A NEW mum died of coronavirus before she could even hold her baby for the first time as she was put in a coma after giving birth.
Sarah Scully, 35, contracted Covid-19 while heavily pregnant in April.
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After she gave birth she was only able to see a photo of her son that a nurse took for her.
Sarah's condition rapidly deteriorated and she died after spending a month in a coma.
Heartbroken mum Elizabeth said: "She didn't get to meet her baby and hug him.
"We were really close, she always asked my advice, we were like best friends.
“She was loyal, honest, caring, just a lovely daughter and mum. Now all that is gone.”
Sarah's funeral took place last Wednesday and was attended by a small number of people including her work colleagues at Boots in West Brom.
'HE DIDN'T GET OT HUG HIM'
Joy, the makeup specialist's aunt, said: "She was a lovely, shy girl, she always looked immaculate, she loved hair and beauty and really enjoyed her job. She was really kind."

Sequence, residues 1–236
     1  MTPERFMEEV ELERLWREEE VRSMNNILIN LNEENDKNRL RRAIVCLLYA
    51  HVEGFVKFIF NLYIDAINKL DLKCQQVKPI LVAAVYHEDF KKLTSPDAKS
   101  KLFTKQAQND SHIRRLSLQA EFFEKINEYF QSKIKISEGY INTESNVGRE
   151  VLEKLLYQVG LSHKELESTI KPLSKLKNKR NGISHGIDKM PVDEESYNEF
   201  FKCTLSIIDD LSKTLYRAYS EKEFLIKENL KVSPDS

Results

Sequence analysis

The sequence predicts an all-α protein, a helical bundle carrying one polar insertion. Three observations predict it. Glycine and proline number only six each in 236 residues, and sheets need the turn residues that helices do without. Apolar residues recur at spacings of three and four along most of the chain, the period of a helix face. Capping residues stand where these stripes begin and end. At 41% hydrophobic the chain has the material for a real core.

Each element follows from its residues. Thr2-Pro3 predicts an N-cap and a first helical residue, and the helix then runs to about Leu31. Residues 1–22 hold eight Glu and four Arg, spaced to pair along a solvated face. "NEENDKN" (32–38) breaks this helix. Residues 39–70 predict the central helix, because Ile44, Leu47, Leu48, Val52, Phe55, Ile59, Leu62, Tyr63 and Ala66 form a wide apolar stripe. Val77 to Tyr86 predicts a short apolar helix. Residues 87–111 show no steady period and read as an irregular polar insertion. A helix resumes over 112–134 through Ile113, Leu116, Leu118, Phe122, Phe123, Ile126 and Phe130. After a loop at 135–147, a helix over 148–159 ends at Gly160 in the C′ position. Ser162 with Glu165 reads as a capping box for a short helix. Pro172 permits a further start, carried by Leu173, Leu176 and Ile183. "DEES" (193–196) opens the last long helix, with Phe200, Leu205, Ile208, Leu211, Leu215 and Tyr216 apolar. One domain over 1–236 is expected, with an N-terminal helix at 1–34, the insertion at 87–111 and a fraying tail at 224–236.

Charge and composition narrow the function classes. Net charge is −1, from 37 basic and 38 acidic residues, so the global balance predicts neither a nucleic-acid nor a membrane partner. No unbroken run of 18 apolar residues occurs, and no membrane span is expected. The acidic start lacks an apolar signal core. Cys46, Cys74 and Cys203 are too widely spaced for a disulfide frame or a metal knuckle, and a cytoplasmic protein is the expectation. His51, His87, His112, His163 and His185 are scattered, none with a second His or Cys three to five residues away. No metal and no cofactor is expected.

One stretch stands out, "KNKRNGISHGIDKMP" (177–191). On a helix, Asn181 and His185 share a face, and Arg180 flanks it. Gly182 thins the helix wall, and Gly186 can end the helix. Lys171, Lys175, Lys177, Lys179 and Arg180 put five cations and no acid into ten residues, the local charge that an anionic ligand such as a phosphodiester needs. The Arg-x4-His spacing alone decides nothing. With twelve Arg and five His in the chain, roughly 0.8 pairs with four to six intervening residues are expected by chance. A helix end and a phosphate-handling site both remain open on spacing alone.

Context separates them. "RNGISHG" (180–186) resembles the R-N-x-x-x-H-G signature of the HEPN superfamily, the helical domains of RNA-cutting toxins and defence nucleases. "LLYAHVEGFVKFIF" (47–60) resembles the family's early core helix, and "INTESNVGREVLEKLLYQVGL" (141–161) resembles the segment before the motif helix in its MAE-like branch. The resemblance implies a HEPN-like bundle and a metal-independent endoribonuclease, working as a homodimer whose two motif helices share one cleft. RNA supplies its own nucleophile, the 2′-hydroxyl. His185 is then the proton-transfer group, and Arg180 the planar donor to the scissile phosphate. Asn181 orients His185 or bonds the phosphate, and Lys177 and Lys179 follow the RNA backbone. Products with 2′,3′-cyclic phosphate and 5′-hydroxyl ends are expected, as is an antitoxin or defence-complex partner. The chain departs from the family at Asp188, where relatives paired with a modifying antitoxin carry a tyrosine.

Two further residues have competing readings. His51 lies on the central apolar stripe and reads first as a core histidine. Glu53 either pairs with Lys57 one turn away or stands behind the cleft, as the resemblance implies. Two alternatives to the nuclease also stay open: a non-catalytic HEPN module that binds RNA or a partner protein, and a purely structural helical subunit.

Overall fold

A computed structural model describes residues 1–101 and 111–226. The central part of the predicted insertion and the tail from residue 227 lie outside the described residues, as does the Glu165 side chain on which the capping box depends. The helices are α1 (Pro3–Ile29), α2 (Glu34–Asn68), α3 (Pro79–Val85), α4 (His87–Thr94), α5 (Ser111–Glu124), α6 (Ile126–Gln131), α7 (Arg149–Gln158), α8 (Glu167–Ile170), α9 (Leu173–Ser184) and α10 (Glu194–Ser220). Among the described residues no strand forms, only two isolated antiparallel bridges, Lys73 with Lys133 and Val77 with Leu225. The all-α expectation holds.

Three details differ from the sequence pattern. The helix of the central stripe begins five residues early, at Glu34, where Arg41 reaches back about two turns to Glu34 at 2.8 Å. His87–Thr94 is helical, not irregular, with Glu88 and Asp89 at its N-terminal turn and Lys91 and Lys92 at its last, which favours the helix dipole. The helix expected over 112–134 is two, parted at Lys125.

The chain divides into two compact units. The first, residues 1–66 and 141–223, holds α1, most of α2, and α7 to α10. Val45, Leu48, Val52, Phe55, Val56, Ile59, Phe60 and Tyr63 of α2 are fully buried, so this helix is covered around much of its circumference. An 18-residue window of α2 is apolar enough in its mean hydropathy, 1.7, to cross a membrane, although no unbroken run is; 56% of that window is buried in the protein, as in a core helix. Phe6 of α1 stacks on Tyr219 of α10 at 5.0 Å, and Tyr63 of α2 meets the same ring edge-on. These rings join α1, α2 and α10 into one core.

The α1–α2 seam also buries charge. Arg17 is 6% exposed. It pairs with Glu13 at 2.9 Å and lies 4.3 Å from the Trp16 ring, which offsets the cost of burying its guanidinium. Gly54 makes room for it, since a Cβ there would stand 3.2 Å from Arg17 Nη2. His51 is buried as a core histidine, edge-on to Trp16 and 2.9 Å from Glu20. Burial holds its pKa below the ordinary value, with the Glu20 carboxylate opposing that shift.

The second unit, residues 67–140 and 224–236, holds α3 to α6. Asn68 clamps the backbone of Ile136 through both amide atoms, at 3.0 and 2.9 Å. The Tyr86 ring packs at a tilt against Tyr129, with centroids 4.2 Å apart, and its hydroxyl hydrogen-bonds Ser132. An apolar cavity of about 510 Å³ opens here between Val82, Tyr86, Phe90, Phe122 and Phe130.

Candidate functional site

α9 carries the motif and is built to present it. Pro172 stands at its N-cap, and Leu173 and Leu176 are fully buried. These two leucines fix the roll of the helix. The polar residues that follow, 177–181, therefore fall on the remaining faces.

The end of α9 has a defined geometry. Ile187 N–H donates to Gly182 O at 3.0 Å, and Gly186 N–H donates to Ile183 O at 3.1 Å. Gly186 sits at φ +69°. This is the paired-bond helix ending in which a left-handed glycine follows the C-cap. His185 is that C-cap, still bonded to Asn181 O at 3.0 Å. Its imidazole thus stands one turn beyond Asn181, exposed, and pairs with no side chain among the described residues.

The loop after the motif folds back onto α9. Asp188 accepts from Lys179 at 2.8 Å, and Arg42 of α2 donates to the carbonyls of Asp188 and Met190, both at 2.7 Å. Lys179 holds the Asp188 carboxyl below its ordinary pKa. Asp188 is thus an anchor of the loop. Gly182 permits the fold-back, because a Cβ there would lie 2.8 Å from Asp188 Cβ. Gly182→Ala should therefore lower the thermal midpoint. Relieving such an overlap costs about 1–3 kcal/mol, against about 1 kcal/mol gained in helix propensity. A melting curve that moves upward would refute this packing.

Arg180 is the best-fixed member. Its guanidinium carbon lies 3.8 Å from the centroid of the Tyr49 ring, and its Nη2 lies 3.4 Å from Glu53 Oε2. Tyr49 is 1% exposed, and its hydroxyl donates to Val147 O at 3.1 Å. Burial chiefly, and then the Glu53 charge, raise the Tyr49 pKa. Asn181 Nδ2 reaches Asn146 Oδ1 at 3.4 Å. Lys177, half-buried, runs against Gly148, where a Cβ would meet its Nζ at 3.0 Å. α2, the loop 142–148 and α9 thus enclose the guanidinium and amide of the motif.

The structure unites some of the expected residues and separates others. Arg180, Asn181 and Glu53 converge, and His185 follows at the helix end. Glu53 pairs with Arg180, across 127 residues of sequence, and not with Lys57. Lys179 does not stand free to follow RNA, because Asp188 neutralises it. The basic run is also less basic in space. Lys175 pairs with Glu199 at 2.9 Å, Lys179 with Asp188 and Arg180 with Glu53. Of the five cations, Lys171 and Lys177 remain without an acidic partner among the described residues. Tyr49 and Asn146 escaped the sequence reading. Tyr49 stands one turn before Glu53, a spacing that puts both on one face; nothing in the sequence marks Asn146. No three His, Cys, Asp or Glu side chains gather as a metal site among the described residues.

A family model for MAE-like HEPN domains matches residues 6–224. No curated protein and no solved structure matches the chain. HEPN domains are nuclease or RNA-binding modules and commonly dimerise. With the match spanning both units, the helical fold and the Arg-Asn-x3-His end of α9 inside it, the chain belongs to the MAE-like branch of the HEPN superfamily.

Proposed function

Sarah fell ill in early April and after visiting her midwife she was reassured her symptoms were all common complaints for mums-to-be close to birth.
Elizabeth and her mum both took a coronavirus tests and were told their results would take up to five days.
In that time, Sarah became increasingly unwell and was admitted to Birmingham Women's Hospital alone.
Sarah underwent an emergency caesarean and her baby boy was safely delivered on Easter Sunday morning.
She told her aunt she was immediately separated from her son after birth, but maternity staff had taken a picture which they shared with her.
Sarah was then transferred to the Queen Elizabeth Hospital where she was put into an induced coma.
Her kidneys failed and she developed septicaemia and encephalitis – and inflammation of the brain as the virus developed.
Her mum was allowed to visit and see her daughter, and was with her when her ventilator was switched off on May 12 – exactly a month after her baby was born.
Joy told the heartbreaking story at a virtual hearing set up by a regional taskforce investigating the unequal impact of the virus on BAME people.
Birmingham Hodge Hill MP Liam Byrne told Joy: "Your family has been hit by an earthquake…we have to try to make sure this terrible, terrible twist of fate does not cascade down the generations and cost us more pain in the children left behind."
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